1911 Encyclopædia Britannica/Alexius Petrovich
ALEXIUS PETROVICH (1690-1718), Russian tsarevich, the sole surviving son of Peter I. and Eudoxia Lopukhina, was born on the 19th of February 1690. The young tsar married the boyarinya Lopukhina at his mother's command. We know nothing of the bride except that she was beautiful, modest and “brought up in the fear of the Lord.” She would, doubtless, have made a model tsaritsa of the pre-Petrine period, but, unfortunately, she was no fit wife for such a vagabond of genius as Peter the Great. From the first her society bored Peter unspeakably, and, after the birth of their second short-lived son Alexander, on the 3rd of October 1691, he practically deserted her. The young Alexius was ignored by his father till he was nine years old. Peter was a rare and unwelcome guest in his own family, and a son who loved his mother could have little affection for a father who had ever been that mother’s worst persecutor. From his sixth to his ninth year Alexius was educated by the diffuse and pedantic Vyazemsky, but after the removal of his mother to the Suzdal Prokovsky Monastery he was confided to the care of learned foreigners, who taught him history, geography, mathematics and French. In 1703 Alexius was ordered to follow the army to the field as a private in a bombardier regiment. In 1704 he was present at the capture of Narva. At this period the preceptors of the tsarevich had the highest opinion of his ability; but, unfortunately, it was not the sort of ability that his father could make use of. He was essentially a student, with strong leanings towards archaeology and ecclesiology. A monastic library was the proper place for this gentle emotional dreamer, who clung so fondly to the ancient traditions. To a prince of his temperament the vehement activity of his abnormally energetic father was very offensive. He liked neither the labour itself nor its object. Yet Peter, not unnaturally, wished his heir to dedicate himself to the service of new Russia, and demanded from him unceasing labour in order to maintain the brand-new state at the high level of greatness to which it had been raised. Painful relations between father and son, quite apart from the personal antipathies already existing, were therefore inevitable. It was an additional misfortune for Alexius that his father should have been too busy to attend to him just as he was growing up from boyhood to manhood. He was left in the hands of reactionary boyars and priests, who encouraged him to hate his father and wish for the death of the tsar-antichrist. His confessor, Yakov Ignatiev, whom he promised to obey as “an angel and apostle of God,” was his chief counsellor in these days.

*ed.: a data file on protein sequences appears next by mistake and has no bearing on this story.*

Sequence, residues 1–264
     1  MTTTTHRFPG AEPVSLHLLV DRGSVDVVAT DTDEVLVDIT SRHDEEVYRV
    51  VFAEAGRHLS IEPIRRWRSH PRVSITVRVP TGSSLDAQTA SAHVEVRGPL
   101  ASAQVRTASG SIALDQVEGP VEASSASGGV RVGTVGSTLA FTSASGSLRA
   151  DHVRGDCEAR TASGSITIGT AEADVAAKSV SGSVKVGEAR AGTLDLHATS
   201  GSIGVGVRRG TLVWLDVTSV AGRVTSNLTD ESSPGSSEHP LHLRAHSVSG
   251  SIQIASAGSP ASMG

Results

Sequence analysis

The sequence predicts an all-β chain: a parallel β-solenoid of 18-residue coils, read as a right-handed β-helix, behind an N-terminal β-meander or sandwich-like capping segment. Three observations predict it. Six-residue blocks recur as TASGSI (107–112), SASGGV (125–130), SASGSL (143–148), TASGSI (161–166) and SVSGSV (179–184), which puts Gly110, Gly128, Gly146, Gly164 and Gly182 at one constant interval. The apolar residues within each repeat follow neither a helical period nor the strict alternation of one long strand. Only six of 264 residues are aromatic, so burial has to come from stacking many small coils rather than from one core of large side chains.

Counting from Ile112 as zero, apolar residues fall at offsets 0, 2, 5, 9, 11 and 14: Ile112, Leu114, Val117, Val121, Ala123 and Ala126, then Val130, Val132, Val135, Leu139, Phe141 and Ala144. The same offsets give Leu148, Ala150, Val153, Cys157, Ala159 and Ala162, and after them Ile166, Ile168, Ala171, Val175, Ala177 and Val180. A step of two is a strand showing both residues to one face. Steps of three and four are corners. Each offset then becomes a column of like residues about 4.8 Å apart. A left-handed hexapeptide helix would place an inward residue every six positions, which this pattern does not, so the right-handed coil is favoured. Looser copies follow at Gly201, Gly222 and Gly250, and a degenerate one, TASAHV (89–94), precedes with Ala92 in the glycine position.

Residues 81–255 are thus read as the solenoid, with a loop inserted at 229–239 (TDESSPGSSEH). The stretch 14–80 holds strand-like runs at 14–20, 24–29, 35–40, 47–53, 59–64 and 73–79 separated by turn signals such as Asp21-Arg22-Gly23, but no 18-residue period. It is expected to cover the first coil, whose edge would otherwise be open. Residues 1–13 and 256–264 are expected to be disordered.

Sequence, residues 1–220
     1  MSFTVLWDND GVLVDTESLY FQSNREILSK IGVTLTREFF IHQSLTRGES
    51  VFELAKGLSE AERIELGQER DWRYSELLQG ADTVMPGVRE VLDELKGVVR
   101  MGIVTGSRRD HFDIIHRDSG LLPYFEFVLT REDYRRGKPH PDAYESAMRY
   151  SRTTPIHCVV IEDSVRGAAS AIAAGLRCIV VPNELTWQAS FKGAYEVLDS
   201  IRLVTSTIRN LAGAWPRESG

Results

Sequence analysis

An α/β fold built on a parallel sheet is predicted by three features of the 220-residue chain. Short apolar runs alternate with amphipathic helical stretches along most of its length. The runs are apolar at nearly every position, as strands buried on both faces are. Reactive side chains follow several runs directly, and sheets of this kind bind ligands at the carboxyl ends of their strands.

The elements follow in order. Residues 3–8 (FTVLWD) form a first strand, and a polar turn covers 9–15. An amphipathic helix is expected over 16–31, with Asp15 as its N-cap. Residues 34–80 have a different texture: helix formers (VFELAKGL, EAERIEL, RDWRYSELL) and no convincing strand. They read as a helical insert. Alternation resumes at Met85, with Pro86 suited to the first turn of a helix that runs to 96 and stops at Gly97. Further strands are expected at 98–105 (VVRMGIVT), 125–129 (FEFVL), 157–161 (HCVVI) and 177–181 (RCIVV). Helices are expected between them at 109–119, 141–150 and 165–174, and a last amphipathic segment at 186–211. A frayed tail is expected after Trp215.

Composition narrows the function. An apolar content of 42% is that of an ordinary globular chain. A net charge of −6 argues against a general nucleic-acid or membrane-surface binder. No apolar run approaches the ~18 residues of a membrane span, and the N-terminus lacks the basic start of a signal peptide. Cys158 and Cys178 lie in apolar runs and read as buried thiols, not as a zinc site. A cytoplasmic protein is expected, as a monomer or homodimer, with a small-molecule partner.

In 1708 Peter sent Alexius to Smolensk to collect provender and recruits, and thence to Moscow to fortify it against Charles XII. At the end of 1709 he went to Dresden for twelve months for finishing lessons in French and German, mathematics and fortification, and, his education completed, he was married, greatly against his will, to the princess Charlotte of Brunswick-Wolfenbüttel, whose sister espoused, almost simultaneously, the heir to the Austrian throne, the archduke Charles. The wedding was celebrated at Torgau on the 14th of October 1711, in the house of the queen of Poland, and three weeks later the bridegroom was hurried away by his father to Thorn to superintend the provisioning of the Russian troops in Poland. For the next twelve months Alexius was kept constantly on the move. His wife joined him at Thorn in December, but in April 1712 a peremptory ukaz ordered him off to the army in Pomerania, and in the autumn of the same year he was forced to accompany his father on a tour of inspection through Finland. Evidently Peter was determined to tear his son away from a life of indolent ease. Immediately on his return from Finland Alexius was despatched by his father to Staraya Rusya and Ladoga to see to the building of new ships. This was the last commission entrusted to him. On his return to the capital Peter, in order to see what progress his son had made in mechanics and mathematics, asked him to draw something of a technical nature for his inspection. Alexius, in order to escape such an ordeal, resorted to the abject expedient of disabling his right hand by a pistol-shot. In no other way could the tsarevich have offended his father so deeply. He had behaved like a cowardly recruit who mutilates himself to escape military service. After this, Peter seemed for a time to take no further interest in Alexius. He left him entirely to himself. He employed him no more. He no longer pressed him to attend public functions. Alexius rejoiced at this welcome change, but he had cause rather to fear it. It marked the deepening of a hatred which might have been overcome. Alexius was evidently consoling himself with the reflexion that the future belonged to him. He was well aware that the mass of the Russian nation was on his side. Nearly all the prelates were devoted to him. Equally friendly were the great boyar families. All Alexius had to do was to sit still, keep out of his father’s way as much as possible and await the natural course of events. But with Peter the present was everything. He could not afford to leave anything to chance. All his life long he had been working incessantly with a single object—the regeneration of Russia. What if his successor refused to tread in his father’s footsteps or, still worse, tried to destroy his father’s work? By some such process of reasoning as this must the idea of changing the succession to the throne, by setting aside Alexius have first occurred to the mind of Peter the Great. Nevertheless he made one last effort to reclaim his son. On the 22nd of October 1715 Alexius’ consort, the princess Charlotte, died, after giving birth to a son, the grand-duke Peter, afterwards Peter II. On the day of the funeral Peter addressed to Alexius a stern letter of warning and remonstrance, urging him no longer to resemble the slothful servant in the parable, and threatening to cut him off, as though he were a gangrenous swelling, if he did not acquiesce in his father’s plans. But it was now that Alexius showed what a poor creature he really was. He wrote a pitiful reply to his father, offering to renounce the succession in favour of his baby half-brother Peter, who had been born the day after the princess Charlotte’s funeral. As if this were not enough, in January 1716 he wrote to his father for permission to become a monk. Still Peter did not despair. On the 26th of August 1716 he wrote to Alexius from abroad urging him, if he desired to remain tsarevich, to join him and the army without delay. Rather than face this ordeal Alexius fled to Vienna and placed himself under the protection of his brother-in-law, the emperor Charles VI., who sent him for safety first to the Tirolean fortress of Ahrenberg, and finally to the castle of San Elmo at Naples. He was accompanied throughout his journey by his mistress, the Finnish girl Afrosina. That the emperor sincerely sympathized with Alexius, and suspected Peter of harbouring murderous designs against his son, is plain from his confidential letter to George I. of England, whom he consulted on this delicate affair. Peter’s agitation was extreme. The flight of the tsarevich to a foreign potentate was a reproach and a scandal. He must be recovered and brought back to Russia at all hazards. This difficult task was accomplished by Count Peter Tolstoi, the most subtle and unscrupulous of Peter’s servants; but terrorized though he was, Alexius would only consent to return on his father solemnly swearing, “before God and His judgment seat,” that if he came back he should not be punished in the least, but cherished as a son and allowed to live quietly on his estates and marry Afrosina. On the 31st of January 1718 the tsarevich reached Moscow. Peter had already determined to institute a most searching inquisition in order to get at the bottom of the mystery of the flight. On the 18th of February a “confession” was extorted from Alexius which implicated most of his friends, and he then publicly renounced the succession to the throne in favour of the baby grand-duke Peter Petrovich. A horrible reign of terror ensued, in the course of which the ex-tsaritsa Eudoxia was dragged from her monastery and publicly tried for alleged adultery, while all who had in any way befriended Alexius were impaled, broken on the wheel and otherwise lingeringly done to death. All this was done to terrorize the reactionaries and isolate the tsarevich. In April 1718 fresh confessions were extorted from Alexius, now utterly broken and half idiotic with fright. Yet even now there were no actual facts to go upon. Alexius’ “evil designs” were still in foro conscientiae, and had not been, perhaps never would be, translated into practice. The worst that could be brought against him was that he had wished his father’s death. In the eyes of Peter, his son was now a self-convicted and most dangerous traitor, whose life was forfeit. But there was no getting over the fact that his father had sworn “before the Almighty and His judgment seat” to pardon him and let him live in peace if he returned to Russia. From Peter’s point of view the question was, did the enormity of the tsarevich’s crime absolve the tsar from the oath which he had taken to spare the life of this prodigal son? This question was solemnly submitted to a grand council of prelates, senators, ministers and other dignitaries on the 13th of June 1718. The clergy left the matter to the tsar’s own decision. The temporal dignitaries declared the evidence to be insufficient and suggested that Alexius should be examined by torture. Accordingly, on the 19th of June, the weak and ailing tsarevich received twenty-five strokes with the knout (as then administered nobody ever survived thirty), and on the 24th fifteen more. It was hardly possible that he could survive such treatment; the natural inference is that he was not intended to survive it. Anyway, he expired two days later in the guardhouse of the citadel of St Petersburg, two days after the senate had condemned him to death for imagining rebellion against his father, and for hoping for the co-operation of the common people and the armed intervention of his brother-in-law, the emperor. This shameful sentence was the outcome of mingled terror and obsequiousness. Abominable, unnatural as Peter’s conduct to his unhappy and innocent son undoubtedly was, there is no reason to suppose that he ever regretted it. He argued that a single worthless life stood in Russia’s way, and he therefore removed it. See R. N. Bain, The First Ramonovs (London, 1905). (R. N. B.)